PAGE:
Apple Pay goes live in Singapore with American Express integration, Visa coming soon

Posted:
in iPhone edited April 2016
Apple on Monday added Singapore to a growing list of locales that offer support for Apple Pay, with customers in the region now able to conduct touchless transactions and in-app purchases thanks to American Express integration.




Apple announced the latest Apple Pay expansion through its regional Singapore website, which notes limited launch support from American Express and a handful of brick-and-mortar stores. AmEx is listed as both the sole credit card issuer and participating bank, though more are listed as "coming soon."

Visa intends to offer credit card support for Apple Pay in the coming months, as do local banks DBS, UOB and Standard Chartered. The companies did not announce an estimated activation date, though past Apple Pay rollouts have seen fairly quick turnaround times.

Retail outlets accepting Apple's NFC-based payments protocol include FairPrice, Shaw Theaters, Starbucks, Starhub, Topshop and Uniqlo, many of which accept Apple Pay at other international locations. Other stores like 7 Eleven, The Coffee Bean and Tea Leaf, Food Republic and Toast Box plan to offer support in the coming months.

Unveiled in 2014, Apple Pay initially rolled out in the U.S. as a convenient and safe alternative to physical credit and bank cards. Initially limited to iPhone 6 owners, Apple's touchless payments solution comes built in on all current iPhone models, as well as Apple Watch. In addition, Touch ID-equipped iPads can handle in-app transactions.


After a domestic rollout, Apple Pay arrived in the UK last July, followed by Canada and Australia in November.

Most recently, Apple initiated services in the important Chinese market in February.

Comments

  • Reply 1 of 16
    wonkothesanewonkothesane Posts: 1,549member
    For the poor sods in continental Europe: "any sign of the duck, Fawlty?"
    edited April 2016 ration allostkiwi
  • Reply 2 of 16
    dunksdunks Posts: 1,254member
    Dear MasterCard/Visa Australia,

    Please get with the program.

    Sincerely,

    Me
    lostkiwi
  • Reply 3 of 16
    entropysentropys Posts: 3,106member
    Yes, the Aussie banks won't come to the party in favour of their own solutions. So go around them with a deal direct with visa/MasterCard.
    lostkiwi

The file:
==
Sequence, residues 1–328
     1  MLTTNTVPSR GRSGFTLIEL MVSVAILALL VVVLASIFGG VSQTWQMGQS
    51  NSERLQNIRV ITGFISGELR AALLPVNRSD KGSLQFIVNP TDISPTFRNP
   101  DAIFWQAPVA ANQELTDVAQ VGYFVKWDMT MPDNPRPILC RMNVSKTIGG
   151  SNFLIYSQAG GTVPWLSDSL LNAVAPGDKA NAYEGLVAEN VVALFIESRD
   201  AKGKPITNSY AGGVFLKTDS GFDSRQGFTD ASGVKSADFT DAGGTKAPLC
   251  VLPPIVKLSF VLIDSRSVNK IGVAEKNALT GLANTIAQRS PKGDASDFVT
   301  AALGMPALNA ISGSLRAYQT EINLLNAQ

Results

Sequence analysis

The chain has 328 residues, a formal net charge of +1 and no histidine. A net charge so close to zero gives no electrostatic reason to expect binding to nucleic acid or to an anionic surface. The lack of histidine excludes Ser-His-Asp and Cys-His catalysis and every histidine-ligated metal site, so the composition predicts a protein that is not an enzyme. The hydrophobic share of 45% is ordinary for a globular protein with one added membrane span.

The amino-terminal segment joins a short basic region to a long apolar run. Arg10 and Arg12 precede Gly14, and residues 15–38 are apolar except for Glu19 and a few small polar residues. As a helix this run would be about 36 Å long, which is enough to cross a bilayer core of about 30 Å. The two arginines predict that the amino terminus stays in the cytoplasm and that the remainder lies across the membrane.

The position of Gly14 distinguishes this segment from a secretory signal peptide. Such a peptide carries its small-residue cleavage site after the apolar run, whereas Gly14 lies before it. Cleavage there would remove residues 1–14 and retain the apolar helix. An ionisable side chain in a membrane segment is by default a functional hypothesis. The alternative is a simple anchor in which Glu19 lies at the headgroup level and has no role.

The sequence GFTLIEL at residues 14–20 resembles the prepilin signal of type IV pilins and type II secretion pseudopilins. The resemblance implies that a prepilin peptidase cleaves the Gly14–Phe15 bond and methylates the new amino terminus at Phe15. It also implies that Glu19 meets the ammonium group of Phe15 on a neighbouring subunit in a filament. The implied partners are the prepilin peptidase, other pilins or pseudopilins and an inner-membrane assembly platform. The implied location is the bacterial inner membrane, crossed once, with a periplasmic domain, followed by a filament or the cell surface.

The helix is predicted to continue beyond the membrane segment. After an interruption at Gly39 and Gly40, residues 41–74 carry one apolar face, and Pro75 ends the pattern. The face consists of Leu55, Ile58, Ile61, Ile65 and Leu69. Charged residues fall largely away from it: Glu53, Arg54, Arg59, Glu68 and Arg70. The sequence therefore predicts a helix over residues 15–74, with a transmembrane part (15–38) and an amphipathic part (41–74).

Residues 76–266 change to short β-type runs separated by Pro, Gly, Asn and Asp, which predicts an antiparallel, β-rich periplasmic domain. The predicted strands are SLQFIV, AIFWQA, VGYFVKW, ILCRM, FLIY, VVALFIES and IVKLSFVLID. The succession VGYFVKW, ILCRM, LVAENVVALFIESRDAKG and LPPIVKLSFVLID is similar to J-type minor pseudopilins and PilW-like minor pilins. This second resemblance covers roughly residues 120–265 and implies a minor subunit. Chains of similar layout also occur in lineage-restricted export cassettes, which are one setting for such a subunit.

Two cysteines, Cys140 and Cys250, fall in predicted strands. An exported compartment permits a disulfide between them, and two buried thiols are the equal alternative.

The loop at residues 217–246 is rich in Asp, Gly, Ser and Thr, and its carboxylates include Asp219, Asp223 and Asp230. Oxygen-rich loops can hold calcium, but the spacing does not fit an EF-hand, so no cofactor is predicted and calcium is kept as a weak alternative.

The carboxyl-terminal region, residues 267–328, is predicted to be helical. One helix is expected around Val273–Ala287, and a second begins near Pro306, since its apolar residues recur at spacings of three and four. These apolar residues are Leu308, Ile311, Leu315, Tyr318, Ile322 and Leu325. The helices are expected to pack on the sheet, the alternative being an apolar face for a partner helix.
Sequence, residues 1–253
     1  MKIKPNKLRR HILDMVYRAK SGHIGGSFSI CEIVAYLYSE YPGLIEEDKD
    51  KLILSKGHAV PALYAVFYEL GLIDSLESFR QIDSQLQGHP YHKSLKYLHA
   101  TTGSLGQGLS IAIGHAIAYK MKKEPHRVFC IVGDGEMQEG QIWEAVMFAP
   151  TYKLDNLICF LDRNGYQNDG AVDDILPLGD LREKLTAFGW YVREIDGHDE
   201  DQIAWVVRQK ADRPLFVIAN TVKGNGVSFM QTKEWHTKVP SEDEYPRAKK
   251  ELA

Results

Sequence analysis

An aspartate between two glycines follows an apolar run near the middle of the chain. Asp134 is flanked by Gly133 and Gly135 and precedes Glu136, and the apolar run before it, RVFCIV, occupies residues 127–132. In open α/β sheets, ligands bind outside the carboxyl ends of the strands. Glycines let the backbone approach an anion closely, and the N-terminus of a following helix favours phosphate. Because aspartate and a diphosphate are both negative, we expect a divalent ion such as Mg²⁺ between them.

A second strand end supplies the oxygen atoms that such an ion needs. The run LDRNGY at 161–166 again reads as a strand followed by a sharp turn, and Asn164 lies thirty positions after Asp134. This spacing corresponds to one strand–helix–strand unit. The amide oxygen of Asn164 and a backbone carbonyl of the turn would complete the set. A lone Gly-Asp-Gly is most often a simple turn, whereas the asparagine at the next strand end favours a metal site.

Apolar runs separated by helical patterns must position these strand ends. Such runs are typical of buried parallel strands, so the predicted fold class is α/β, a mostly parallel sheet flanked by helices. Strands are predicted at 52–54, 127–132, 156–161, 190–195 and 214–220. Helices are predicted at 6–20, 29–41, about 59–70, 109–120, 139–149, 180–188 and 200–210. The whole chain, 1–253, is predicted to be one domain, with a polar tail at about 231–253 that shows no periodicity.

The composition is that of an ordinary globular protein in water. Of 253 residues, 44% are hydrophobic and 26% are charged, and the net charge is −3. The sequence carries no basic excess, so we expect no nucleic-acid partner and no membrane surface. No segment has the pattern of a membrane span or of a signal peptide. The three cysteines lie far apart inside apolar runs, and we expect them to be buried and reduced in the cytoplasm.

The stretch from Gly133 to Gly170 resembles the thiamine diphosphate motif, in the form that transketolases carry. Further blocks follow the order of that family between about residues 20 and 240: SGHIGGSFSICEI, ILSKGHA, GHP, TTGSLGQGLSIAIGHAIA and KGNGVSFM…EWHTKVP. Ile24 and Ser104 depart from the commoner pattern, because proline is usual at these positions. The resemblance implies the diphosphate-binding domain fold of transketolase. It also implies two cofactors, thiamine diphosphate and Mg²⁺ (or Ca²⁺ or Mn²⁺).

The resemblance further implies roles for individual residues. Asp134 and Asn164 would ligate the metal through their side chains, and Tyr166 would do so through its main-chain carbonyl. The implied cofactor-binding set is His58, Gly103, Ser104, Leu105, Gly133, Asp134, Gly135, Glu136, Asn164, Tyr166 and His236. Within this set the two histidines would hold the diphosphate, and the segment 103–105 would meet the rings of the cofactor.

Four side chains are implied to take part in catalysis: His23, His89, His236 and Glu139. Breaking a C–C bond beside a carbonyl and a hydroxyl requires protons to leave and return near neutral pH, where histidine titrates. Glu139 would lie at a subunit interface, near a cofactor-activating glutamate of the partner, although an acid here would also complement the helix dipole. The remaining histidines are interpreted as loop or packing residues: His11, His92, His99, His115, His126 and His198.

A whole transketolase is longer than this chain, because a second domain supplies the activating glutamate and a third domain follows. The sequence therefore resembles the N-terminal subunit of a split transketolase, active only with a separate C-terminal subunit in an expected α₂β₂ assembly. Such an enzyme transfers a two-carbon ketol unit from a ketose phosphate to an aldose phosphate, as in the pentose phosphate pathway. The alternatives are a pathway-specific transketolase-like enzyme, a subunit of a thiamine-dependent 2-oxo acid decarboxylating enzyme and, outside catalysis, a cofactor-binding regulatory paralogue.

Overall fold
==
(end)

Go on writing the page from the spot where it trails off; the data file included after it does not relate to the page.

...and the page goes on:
• Reply 4 of 16
    maclvr03maclvr03 Posts: 197member
    This maybe a dumb question but I'm going to ask it anyway. I haven't been out of the country since having Apple Pay to a country that supported any type of it. Say if I went to Singapore would I be able to use Apple Pay from my American, American Express, or does it have to be issued from that country? 
  • Reply 5 of 16
    foggyhillfoggyhill Posts: 4,767member
    maclvr03 said:
    This maybe a dumb question but I'm going to ask it anyway. I haven't been out of the country since having Apple Pay to a country that supported any type of it. Say if I went to Singapore would I be able to use Apple Pay from my American, American Express, or does it have to be issued from that country? 

    You can use any US issued cards in Canada on NFC terminals even if Canadian cards don't work (except American Express Cards).
    If Singapoore is the same, any US cards would work if there are NFC terminals.
    But, I can't garantee it; just saying it looks like a situation similar to the Canadian situation.
  • Reply 6 of 16
    EsquireCatsEsquireCats Posts: 1,188member
    maclvr03 said:
    This maybe a dumb question but I'm going to ask it anyway. I haven't been out of the country since having Apple Pay to a country that supported any type of it. Say if I went to Singapore would I be able to use Apple Pay from my American, American Express, or does it have to be issued from that country? 
    Apple Pay cards work abroad, provided that the local network supports it. E.g. Australian retailers have accepted USA Apple Pay payments well before American Express released there.
  • Reply 7 of 16
    djsherlydjsherly Posts: 1,031member
    entropys said:
    Yes, the Aussie banks won't come to the party in favour of their own solutions. So go around them with a deal direct with visa/MasterCard.
    How might one do that? VIsa and MasterCard are processors, not credit facilities. 

    Apple pay came to Australia a day late and a buck short. Nfc has been nearly ubiquitous for years. 
  • Reply 8 of 16
    foggyhillfoggyhill Posts: 4,767member
    djsherly said: